Acceleration of Wound Healing With Topically Applied Deoxyribonucleosides

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Abstract

Hypothesis

We hypothesized that a topical mixture of purified deoxyribonucleosides would accelerate wound healing in an open wound model.

Design

Full-thickness 6-mm wounds were made on the ears of young adult rabbits. In some experiments, 2 of the 3 arteries in each ear were divided to induce wound ischemia.

Interventions

An equiweight mixture containing all 4 of the major deoxyribonucleosides (deoxyadenosine, deoxycytidine, deoxyguanosine, and thymidine), designated PN105, or other subgroups of deoxyribonucleosides, or vehicle (saline) was applied to wounds on 1 ear every 2 days, with the other ear serving as a control.

Main Outcome Measures

Wound tissue was processed for histological examination 7 days after the initial wounding. Granulation tissue formation and epithelialization were measured in histological cross sections of wounds.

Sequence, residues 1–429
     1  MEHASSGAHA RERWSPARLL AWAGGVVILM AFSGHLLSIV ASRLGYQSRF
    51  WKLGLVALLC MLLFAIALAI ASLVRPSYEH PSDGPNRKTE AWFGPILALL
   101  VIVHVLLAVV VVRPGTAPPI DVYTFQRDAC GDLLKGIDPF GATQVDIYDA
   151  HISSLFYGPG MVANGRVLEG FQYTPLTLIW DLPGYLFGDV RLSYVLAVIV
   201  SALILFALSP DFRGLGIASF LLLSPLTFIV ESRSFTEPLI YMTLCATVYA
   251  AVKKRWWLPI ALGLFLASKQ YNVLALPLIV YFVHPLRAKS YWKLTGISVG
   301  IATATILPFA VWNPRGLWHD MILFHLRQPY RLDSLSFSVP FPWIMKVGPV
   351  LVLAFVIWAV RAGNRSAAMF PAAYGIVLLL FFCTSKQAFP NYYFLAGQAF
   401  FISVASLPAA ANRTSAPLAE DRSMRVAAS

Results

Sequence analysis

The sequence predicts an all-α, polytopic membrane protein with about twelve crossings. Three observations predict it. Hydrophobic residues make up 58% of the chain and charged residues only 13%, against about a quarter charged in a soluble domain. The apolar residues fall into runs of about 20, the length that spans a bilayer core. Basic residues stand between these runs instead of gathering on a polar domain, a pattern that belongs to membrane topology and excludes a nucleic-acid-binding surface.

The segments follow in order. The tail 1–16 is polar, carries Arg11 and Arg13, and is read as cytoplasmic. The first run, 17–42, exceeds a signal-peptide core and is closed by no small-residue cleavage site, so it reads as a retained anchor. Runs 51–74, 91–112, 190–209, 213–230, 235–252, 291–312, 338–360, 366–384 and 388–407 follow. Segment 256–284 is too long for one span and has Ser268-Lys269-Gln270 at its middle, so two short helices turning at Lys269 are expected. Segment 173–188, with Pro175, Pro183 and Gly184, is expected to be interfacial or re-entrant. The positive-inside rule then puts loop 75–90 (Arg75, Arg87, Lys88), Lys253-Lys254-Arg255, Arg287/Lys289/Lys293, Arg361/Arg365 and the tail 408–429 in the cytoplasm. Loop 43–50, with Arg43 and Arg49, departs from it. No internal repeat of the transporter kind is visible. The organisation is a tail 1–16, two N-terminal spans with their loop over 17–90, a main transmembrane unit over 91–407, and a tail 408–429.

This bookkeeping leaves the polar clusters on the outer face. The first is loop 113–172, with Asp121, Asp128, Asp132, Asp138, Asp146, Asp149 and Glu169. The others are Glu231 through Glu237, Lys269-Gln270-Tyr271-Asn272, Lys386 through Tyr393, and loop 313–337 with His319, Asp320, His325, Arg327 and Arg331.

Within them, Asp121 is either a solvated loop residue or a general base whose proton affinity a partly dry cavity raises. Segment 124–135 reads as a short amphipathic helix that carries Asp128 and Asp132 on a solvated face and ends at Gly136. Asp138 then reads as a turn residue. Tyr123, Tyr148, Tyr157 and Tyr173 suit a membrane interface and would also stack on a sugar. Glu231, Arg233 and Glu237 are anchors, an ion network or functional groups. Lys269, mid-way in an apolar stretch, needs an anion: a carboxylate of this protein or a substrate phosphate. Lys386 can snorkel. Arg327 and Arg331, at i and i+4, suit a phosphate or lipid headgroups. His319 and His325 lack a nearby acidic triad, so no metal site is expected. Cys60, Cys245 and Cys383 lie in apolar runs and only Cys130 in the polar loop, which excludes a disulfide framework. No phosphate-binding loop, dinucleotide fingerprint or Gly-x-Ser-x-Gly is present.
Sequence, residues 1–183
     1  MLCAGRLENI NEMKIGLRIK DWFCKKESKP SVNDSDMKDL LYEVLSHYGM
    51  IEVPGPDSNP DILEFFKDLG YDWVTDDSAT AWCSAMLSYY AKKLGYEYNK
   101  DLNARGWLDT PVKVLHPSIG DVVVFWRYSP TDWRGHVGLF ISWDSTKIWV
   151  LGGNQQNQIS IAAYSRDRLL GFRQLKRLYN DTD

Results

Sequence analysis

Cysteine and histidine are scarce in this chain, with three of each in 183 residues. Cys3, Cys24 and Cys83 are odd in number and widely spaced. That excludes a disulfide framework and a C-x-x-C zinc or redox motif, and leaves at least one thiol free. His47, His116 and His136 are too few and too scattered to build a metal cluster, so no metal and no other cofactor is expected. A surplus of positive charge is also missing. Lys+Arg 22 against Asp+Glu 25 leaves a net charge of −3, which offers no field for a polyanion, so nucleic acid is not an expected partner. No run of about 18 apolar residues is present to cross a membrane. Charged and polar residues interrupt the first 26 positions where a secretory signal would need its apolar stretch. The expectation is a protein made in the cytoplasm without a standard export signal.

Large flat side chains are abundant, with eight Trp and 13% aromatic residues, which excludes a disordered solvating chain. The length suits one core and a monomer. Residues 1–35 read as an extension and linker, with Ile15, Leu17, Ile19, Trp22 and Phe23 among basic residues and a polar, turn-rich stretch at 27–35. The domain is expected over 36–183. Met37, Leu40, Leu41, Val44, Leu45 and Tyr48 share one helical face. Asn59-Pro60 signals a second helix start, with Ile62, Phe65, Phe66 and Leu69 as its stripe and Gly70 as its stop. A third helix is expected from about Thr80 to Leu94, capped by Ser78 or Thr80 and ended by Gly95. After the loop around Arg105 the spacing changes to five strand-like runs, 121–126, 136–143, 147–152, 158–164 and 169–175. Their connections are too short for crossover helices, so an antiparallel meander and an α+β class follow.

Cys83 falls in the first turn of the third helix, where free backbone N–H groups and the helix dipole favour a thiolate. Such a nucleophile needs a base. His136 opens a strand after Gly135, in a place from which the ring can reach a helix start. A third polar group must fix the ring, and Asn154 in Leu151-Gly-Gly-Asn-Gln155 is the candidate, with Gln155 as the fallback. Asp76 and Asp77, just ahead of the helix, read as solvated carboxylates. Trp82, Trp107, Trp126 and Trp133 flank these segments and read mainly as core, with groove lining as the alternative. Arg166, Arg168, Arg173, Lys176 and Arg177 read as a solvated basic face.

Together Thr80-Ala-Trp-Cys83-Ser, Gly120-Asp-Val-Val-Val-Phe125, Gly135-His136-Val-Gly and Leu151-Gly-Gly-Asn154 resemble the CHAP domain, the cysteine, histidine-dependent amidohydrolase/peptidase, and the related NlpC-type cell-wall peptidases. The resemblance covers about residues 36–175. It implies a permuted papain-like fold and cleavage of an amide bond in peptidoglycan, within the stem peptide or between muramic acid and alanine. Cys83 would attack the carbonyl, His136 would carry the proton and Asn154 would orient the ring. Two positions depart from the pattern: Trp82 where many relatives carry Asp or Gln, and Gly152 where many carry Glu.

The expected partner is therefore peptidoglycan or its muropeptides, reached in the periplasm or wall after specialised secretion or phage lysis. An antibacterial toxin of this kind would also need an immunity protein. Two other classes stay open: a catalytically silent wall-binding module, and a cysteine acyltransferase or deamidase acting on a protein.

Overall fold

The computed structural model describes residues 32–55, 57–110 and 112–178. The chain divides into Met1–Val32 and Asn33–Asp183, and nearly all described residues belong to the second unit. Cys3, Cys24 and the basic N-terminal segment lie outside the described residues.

Results

Treatment of wounds with PN105 resulted in a 191% increase in total new granulation tissue (P<.05) and a higher incidence of complete wound reepithelialization (67% vs 37%; P<.05) when compared with controls, and a similar increase under ischemic conditions on day 7. Wound ischemia markedly impairs healing; PN105 treatment resulted in a 242% increase in the amount of new granulation tissue formed by day 7 in ischemic wounds, relative to the appropriate controls (P<.05). All 4 of the major deoxyribonucleosides were required for optimum activity; mixtures with 3 or 2 were less active or inactive.

Conclusions

Topically applied deoxyribonucleosides reproducibly accelerate wound healing in normal and ischemic wounds, and to a magnitude equivalent to that of recombinant growth factors such as platelet-derived growth factor, previously studied in this model. In view of their safety, availability, and efficacy, deoxyribonucleosides hold considerable promise for improving healing of chronic wounds.

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